That's kinda the point? You want to benchmark the CPUs in optimal scenarios, since that's what you'd be looking at in practice. If one CPU's weakness is eliminated by using a more recent/tweaked compiler, then it's not a weakness. Reply
  • coder543 - Tuesday, July 11, 2017 - link

    Rather, you want to test under practical scenarios. Very few people are going to be running 17.04 on production grade servers, they will run an LTS release, which in this case is 16.04.

    It would be good to have benchmarks from 17.04 as another point of comparison, but given how many things they didn't have time to do just using 16.04, I can understand why they didn't use 17.04.
    Reply
  • Santoval - Wednesday, July 12, 2017 - link

    A compromise can be found by upgrading Ubuntu 16.04's outdated kernel. Ubuntu LTS releases include support for rolling HWE Stacks, which is a simple meta package for installing newer kernels compiled, modified, tested and packaged by the Ubuntu Kernel Team, and installed directly from the official Ubuntu repositories (not via a Launchpad PPA). With HWE 16.04 LTS can install up to the kernel of 18.04 LTS.

    I also use 16.04 LTS + HWE (it just requires installing the linux-generic-hwe-16.04 package), which currently provides the 4.8 kernel. There is even a "beta" version of HWE (the same package plus an -edge at the end) for installing the 4.10 kernel (aka the kernel of 17.04) earlier, which will normally be released next month.

    I just spotted various 4.10 kernel listings after checking in Synaptic, so they must have been added very recently. After that there are two more scheduled kernel upgrades, as is shown in the following link. Of course HWE upgrades solely the kernel, it does not upgrade any application or any of the user level parts to a more recent version of Ubuntu.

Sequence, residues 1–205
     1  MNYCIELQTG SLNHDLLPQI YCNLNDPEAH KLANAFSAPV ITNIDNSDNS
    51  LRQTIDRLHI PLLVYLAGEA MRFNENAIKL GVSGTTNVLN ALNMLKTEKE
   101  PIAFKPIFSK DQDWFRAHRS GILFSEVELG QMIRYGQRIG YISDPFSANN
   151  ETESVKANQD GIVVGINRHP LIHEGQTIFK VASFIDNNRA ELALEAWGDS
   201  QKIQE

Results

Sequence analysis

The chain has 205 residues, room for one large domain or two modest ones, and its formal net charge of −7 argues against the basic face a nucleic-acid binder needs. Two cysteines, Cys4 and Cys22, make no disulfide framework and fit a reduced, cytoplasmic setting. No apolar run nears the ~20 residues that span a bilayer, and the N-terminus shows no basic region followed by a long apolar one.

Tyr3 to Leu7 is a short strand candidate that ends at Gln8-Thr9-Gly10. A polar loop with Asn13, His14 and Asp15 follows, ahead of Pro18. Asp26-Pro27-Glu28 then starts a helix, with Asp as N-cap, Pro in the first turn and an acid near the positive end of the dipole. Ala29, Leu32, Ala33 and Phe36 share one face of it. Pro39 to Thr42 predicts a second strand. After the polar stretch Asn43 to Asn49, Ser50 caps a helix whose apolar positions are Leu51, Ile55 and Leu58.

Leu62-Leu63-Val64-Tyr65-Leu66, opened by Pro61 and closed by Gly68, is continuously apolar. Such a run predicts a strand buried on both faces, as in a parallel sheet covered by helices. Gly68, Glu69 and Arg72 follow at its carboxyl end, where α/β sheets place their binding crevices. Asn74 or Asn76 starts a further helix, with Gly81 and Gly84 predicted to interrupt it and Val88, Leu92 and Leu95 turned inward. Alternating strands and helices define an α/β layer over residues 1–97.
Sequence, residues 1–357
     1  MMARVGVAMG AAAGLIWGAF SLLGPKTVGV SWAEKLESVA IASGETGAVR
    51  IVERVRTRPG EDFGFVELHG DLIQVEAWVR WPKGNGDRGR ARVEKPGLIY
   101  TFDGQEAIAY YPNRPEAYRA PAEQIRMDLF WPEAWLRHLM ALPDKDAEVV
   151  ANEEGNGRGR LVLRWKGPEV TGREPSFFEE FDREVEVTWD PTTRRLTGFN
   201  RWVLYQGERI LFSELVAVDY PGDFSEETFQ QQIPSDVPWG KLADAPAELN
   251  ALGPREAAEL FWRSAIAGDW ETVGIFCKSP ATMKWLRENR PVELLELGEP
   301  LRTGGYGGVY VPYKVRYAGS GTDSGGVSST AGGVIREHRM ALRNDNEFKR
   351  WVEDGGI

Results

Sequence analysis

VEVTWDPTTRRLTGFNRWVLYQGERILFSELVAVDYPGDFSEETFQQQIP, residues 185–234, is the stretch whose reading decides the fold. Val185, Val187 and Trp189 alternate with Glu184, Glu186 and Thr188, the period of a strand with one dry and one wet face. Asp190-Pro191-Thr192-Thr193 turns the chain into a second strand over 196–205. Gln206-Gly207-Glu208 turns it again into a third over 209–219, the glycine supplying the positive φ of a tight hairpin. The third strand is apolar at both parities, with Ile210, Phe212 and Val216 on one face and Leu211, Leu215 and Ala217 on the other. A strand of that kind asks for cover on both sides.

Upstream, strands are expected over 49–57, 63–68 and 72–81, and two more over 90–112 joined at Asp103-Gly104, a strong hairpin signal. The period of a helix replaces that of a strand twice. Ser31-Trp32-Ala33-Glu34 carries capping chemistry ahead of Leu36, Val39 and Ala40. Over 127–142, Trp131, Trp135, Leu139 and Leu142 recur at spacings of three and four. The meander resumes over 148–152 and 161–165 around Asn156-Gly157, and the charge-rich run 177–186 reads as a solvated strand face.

https://wiki.ubuntu.com/Kernel/RollingLTSEnablemen...
    Reply
  • CajunArson - Tuesday, July 11, 2017 - link

    Considering the similarities between RyZen and Haswell (that aren't coincidental at all) you are already seeing a highly optimized set of RyZen results.

    But I have no problem seeing RyZen be tested with the newest distros, the only difference being that even Ubuntu 16.04 already has most of the optimizations for RyZen baked in.
    Reply
  • coder543 - Tuesday, July 11, 2017 - link

    What similarities? They're extremely different architectures. I can't think of any obvious similarities. Between the CCX model, caches being totally different layouts, the infinity fabric, Intel having better AVX-256/512 stuff (IIRC), etc.

    I don't think 16.04 is naturally any more optimized for Ryzen than it is for Skylake-SP.
    Reply
  • CajunArson - Tuesday, July 11, 2017 - link

    Oh please, at the core level RyZen is a blatant copy-n-paste of Haswell with the only exception being they just omitted half the AVX hardware to make their lives easier.

    It's so obvious that if you followed any of the developer threads for people optimizing for RyZen they say to just use the Haswell compiler optimizations that actually work better than the official RyZen optimization flags.
    Reply
  • ddriver - Tuesday, July 11, 2017 - link

    Can't tell if this post is funny or sad. Reply
  • CajunArson - Tuesday, July 11, 2017 - link

    It's neither: It's accurate.

    Don't believe me? Look at the differences in performance of the holy 1800X over multiple Linux distros ranging from pretty new (OpenSuse Tumbleweed) to pretty old (Fedora 23 from 2015): http://www.phoronix.com/scan.php?page=article&...

    Nowhere near the variation that we see with Skylake X since Haswell was already a solved problem long before RyZen lauched.
    Reply
  • coder543 - Tuesday, July 11, 2017 - link

    Right, of course. Ryzen is a copy-and-paste of Haswell.

    Don't make me laugh.
    Reply